Fifty years ago, Alan Shepard became the first American in outer space. On his return from the fifteen and a half minute, sub-orbital trip, he got behind the wheel of another rocket – the Chevrolet Corvette. Since that day, the association of astronauts and Corvette sports cars has been tightly bound.
The first American in space, Alan B. Shepard (center) stands with with GM Styling President, William L. Mitchell (left) and Chevrolet General Manager Edward N. Cole and Shepard's 1962 Corvette. In the background is the GM Design Center in Warren, MI.
Tomorrow, on May 7th, the Florida city of Cocoa Beach will host a commemorative parade where almost 30 astronauts will gather to celebrate the 50th anniversary of Shepard’s achievement. In suitable fashion, each will ride in a Corvette from the generation when their mission rode to fame.
The parade coordinator is John T. R. Dillon III, himself a Safety Engineer at Kennedy Space Center. Dillon is also a Corvette owner and member of the Cape Kennedy Corvette Club, which included four astronauts among its original members when founded in 1967.
“All of the astronauts were test pilots back then; they flew performance aircraft and they moved into performance cars with a well-honed appreciation for handling, acceleration and so forth,” Dillon said.
Never one to flee from the limelight, Chevrolet-brand president, Edward N. Cole presented Shepard on his return to Earth with a brand new, white, 1962 Corvette. The car had been outfitted by GM designers with a customized space-age interior. Shepard brought along his 1957 Corvette when he reported for Space Program training in April, 1959. He would go on to own at least ten Corvettes in his lifetime.
Apollo 12 astronauts (L-R) Charles 'Pete' Conrad Jr., Richard Francis Gordon Jr., and Alan LaVern Bean with their identical 1969 Corvette Stingray coupes. The coupes featured a 390-hp, 427 V-8 and black-accented Riverside Gold color scheme designed by Bean. Photo by Ralph Morse / Time & Life Pictures / Getty Images.
“In the 1960s, astronauts were the American heroes that every child idolized and every adult respected,” explained Corvette historian and former Corvette Quarterly editor Jerry Burton.
This was not lost on a professional racer, named Jim Rathmann. After winning the 1960 Indianapolis 500, Rathmann opened a Chevrolet-Cadillac dealership in Melbourne, FL, not far from the Space Center, in 1961. Sensing that most of the spacemen were at heart Corvette types, Rathmann negotiated a special lease arrangement with Chevrolet to put them into the sports cars. Six of the Mercury astronauts would take Rathmann up on his Corvette offer.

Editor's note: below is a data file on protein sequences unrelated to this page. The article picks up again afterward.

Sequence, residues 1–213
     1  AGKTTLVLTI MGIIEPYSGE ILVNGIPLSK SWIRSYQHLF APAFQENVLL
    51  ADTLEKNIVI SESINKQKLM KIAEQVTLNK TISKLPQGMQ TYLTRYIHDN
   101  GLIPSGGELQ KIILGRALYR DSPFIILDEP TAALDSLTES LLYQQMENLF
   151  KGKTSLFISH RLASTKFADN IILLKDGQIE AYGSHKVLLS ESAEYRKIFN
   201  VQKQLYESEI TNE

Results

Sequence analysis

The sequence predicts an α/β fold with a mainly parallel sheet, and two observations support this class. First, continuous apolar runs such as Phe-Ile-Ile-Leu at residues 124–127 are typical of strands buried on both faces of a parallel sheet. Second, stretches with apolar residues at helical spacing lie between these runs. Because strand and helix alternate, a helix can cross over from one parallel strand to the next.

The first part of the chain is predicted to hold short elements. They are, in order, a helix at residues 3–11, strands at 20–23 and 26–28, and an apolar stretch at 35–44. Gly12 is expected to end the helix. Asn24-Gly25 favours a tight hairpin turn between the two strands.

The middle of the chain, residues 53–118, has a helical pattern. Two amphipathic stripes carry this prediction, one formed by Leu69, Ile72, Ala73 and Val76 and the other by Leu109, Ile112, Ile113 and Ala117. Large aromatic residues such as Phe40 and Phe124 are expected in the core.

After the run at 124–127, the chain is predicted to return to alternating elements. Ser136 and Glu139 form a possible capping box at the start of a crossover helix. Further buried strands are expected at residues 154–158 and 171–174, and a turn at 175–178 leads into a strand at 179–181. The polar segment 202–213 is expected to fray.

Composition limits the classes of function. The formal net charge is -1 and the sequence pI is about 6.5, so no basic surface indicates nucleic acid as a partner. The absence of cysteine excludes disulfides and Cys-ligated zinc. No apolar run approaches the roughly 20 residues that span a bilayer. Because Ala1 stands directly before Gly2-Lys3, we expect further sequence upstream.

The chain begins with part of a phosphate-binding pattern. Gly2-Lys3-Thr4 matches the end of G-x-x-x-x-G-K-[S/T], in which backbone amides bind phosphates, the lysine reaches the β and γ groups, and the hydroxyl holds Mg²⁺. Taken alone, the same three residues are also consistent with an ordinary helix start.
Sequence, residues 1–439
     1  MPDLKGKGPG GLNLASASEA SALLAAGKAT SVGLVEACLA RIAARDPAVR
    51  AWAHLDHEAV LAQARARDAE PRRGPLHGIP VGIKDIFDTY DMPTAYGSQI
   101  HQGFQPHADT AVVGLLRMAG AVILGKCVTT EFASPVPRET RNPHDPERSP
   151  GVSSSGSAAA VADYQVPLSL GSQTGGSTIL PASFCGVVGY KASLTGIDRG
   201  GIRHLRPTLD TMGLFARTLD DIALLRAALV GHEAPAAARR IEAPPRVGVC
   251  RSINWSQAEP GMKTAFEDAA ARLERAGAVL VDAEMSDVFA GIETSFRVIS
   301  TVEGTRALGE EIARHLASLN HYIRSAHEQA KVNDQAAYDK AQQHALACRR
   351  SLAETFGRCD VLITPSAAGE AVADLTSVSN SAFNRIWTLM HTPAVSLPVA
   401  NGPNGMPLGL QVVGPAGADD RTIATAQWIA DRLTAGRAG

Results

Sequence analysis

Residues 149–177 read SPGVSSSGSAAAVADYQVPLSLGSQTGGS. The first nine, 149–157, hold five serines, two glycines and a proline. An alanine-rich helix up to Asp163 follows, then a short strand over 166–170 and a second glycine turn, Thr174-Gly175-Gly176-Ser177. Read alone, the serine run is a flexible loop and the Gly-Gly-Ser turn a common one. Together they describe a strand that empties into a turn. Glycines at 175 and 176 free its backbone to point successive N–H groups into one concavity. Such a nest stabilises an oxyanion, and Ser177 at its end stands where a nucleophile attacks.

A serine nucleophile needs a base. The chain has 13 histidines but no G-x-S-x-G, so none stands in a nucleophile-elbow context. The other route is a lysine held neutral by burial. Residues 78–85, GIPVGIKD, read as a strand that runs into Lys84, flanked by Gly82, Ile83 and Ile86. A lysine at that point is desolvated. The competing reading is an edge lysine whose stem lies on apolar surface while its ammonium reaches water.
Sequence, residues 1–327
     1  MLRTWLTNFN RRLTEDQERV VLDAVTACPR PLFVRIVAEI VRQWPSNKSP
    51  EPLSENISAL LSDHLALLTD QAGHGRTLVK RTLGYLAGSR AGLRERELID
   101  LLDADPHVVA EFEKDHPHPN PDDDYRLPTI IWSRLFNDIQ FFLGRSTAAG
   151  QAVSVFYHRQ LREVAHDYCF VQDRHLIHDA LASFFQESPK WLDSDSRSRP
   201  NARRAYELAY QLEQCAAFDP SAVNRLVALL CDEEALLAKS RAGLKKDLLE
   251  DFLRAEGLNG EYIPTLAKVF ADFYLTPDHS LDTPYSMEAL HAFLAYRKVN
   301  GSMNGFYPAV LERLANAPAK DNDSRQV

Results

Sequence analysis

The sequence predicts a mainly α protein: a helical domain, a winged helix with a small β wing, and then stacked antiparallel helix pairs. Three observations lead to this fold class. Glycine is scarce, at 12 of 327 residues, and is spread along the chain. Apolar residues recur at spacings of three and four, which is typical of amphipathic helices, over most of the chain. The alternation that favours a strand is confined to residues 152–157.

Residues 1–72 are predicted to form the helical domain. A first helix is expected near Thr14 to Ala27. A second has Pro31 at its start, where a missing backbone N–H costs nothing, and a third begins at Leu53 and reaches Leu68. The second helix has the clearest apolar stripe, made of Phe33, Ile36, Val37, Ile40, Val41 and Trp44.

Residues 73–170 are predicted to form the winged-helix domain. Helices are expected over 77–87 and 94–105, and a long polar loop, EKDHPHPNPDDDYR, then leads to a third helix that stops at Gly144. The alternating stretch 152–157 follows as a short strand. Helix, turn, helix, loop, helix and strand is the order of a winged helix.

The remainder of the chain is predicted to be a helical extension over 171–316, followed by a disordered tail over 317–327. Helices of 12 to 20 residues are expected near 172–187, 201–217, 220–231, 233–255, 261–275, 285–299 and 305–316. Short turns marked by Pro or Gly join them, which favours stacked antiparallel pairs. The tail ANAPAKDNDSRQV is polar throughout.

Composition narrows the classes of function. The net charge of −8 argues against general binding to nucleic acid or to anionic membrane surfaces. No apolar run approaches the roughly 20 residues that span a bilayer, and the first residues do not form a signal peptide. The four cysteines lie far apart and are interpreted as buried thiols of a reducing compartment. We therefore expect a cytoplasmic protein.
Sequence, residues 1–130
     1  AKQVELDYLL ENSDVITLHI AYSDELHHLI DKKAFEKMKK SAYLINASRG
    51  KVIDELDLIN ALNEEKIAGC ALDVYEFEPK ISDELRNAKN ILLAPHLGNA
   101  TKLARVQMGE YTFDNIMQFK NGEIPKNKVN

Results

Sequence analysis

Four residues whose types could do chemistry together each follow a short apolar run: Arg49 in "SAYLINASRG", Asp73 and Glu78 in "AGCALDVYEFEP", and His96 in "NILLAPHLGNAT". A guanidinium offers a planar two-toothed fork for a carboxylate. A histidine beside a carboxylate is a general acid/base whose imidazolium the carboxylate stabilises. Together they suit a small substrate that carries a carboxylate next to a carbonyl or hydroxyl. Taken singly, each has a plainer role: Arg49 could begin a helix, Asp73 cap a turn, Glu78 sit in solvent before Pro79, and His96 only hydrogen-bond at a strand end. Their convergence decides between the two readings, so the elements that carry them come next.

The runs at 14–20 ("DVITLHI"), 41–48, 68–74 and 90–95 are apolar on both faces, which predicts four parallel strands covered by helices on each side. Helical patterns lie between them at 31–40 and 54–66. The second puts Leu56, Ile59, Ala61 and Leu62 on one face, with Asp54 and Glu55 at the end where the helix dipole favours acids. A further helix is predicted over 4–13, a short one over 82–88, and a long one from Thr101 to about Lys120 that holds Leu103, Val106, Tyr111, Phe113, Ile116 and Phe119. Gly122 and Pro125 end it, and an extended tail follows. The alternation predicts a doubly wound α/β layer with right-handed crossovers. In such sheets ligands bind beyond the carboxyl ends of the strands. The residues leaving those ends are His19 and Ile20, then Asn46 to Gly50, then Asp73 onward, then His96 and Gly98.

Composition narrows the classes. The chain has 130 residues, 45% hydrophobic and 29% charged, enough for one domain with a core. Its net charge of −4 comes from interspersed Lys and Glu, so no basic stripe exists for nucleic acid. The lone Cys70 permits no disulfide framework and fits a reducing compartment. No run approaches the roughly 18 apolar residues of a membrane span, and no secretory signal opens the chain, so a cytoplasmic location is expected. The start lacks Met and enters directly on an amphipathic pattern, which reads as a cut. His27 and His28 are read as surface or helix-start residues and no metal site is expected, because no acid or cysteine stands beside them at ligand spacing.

Shepard became an instant hero after his 15½ minute flight. His successful mission motivated President Kennedy to appear before Congress just a few weeks later and challenge the country to send a man to the moon "before this decade is out." Shepard himself became the fifth person to walk on the Moon.
During an interview in 1998, Rathmann said, “Al Shepard was a racer…he was always wanting to be the fastest guy.”
Not alone in that regard, Mercury astronaut, Virgil ‘Gus’ Grissom went so far as to have his last Corvette, a 1967 convertible, specially geared and modified to accept extra-wide rear racing tires.
Later, Apollo 12 astronauts Dick Gordon, Charles Conrad and Alan Bean would order new 1969 Corvettes through Rathmann, asking that the identical, 390-hp 427 Stingray coupes be custom finished in a special black-accented Gold color scheme designed by Bean. LIFE Magazine published a photo of the space-suited Apollo 12 astronauts and their matching Corvettes.
The association between Chevrolet’s Corvette sports car and fellows of the “Right Stuff” has continued since, reflected both in real life and movies. Even Chevrolet’s recent “Still Building Rockets” commercial draws heavily on that connection.
As a renewed focus on the Moon and Mars builds toward reality once again, the recognition and celebration of those first steps to space flight would be lacking without a few Corvettes around.